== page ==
Inderscience Publishers

Biotechnology for small-scale farmers: a Kenyan case study

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The paper analyses ex ante the potential economic effects of tissue culture biotechnology, which is being introduced into the Kenyan banana sector through an international collaborative project. The expected yield and income gains are sizable, because the pathogen-free banana planting material could substantially reduce the current crop losses induced by pests and diseases. However, using the technology is associated with relatively high set-up costs for farmers. This might discourage innovation adoption, especially for the smallholders. Lowering the price of tissue-culture plantlets could help to avoid undesired income distribution effects among the banana growers. Furthermore, community-based initiatives for local biotechnology dissemination could ameliorate the adoption conditions. The example demonstrates the great potential of biotechnology to contribute to welfare growth in developing countries. Yet public support is needed to make sure that certain disadvantaged groups are not excluded from the benefits.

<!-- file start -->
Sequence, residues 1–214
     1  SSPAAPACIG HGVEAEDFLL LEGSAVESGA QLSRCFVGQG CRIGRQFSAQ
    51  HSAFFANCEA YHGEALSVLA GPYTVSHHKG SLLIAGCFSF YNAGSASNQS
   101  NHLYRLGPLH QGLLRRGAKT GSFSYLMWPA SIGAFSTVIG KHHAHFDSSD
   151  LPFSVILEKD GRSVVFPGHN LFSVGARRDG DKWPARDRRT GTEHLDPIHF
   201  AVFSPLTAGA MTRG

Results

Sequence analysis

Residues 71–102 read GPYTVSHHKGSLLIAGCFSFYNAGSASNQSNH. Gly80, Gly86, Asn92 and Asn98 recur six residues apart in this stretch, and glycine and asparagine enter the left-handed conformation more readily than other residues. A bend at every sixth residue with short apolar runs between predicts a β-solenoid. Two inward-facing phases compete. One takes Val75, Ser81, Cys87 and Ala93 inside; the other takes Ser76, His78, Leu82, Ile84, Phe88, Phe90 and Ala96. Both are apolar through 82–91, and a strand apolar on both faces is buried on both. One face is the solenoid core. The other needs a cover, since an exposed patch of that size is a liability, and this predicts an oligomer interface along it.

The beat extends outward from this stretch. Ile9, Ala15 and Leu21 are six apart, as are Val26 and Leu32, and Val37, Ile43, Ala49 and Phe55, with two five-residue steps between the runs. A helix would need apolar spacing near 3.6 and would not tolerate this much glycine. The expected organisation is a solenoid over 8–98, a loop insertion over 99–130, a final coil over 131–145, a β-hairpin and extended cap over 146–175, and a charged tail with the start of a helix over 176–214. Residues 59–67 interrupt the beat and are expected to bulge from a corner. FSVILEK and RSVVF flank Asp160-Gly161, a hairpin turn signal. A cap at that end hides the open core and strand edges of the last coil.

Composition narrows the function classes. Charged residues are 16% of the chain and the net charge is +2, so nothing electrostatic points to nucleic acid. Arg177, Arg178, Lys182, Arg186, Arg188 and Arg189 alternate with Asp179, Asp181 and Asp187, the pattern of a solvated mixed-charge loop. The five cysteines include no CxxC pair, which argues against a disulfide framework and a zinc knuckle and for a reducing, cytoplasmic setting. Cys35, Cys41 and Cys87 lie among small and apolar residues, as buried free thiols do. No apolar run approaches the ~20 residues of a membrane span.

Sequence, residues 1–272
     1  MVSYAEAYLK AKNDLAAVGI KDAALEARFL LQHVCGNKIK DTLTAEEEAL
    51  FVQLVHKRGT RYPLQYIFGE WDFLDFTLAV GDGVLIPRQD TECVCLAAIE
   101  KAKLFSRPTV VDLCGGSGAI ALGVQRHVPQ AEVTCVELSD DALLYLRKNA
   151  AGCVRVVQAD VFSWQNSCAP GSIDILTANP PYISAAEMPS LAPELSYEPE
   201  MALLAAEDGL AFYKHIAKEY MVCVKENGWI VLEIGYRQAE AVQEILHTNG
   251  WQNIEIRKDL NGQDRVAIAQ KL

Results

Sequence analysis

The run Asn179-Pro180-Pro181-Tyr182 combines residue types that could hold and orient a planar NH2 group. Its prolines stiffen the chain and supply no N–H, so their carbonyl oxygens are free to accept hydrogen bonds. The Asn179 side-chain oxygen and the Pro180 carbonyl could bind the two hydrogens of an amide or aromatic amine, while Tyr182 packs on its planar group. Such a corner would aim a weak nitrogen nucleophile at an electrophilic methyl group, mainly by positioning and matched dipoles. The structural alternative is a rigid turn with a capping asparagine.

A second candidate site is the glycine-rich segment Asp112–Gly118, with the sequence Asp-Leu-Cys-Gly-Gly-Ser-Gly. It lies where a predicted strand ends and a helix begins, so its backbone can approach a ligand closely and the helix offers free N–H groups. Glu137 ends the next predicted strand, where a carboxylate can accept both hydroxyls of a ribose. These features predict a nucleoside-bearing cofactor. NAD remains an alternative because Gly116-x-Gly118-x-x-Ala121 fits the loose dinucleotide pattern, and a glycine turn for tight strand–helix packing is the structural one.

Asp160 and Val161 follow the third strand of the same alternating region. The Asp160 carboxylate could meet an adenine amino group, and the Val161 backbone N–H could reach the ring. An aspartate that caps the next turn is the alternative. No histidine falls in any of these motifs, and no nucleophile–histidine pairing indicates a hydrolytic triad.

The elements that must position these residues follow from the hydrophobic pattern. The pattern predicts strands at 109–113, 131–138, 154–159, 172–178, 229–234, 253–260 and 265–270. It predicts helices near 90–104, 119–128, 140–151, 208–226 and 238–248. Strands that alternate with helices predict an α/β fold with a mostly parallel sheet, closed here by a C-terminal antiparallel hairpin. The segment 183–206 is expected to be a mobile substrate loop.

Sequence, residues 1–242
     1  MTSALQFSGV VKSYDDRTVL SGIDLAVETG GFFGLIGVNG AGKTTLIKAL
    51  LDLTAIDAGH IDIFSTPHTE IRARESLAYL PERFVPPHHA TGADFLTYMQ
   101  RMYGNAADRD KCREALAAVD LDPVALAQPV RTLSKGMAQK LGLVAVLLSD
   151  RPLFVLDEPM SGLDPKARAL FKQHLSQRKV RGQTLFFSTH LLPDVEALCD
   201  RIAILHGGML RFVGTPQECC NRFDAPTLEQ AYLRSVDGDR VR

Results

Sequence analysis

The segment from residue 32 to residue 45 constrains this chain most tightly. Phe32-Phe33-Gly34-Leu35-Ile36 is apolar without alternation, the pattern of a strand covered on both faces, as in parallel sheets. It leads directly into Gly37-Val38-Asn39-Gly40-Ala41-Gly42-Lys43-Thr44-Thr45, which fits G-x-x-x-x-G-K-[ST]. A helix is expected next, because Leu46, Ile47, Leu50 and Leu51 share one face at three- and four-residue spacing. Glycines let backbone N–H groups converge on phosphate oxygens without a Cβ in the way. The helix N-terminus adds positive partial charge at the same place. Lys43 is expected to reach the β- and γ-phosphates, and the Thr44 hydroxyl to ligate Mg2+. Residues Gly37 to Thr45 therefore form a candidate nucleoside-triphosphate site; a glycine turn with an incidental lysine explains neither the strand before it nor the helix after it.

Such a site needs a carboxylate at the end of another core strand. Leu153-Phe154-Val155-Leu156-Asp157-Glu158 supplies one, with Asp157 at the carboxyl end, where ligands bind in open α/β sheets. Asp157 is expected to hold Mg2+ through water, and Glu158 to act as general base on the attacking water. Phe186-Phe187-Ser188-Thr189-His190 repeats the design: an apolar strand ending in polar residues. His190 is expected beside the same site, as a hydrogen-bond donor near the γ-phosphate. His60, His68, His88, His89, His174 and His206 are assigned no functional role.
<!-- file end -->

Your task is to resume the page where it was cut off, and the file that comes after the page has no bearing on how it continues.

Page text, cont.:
Keywords: biotechnology, tissue culture, agriculture, small-scale farmers, banana, Kenya, technology evaluation, economic surplus, income distribution

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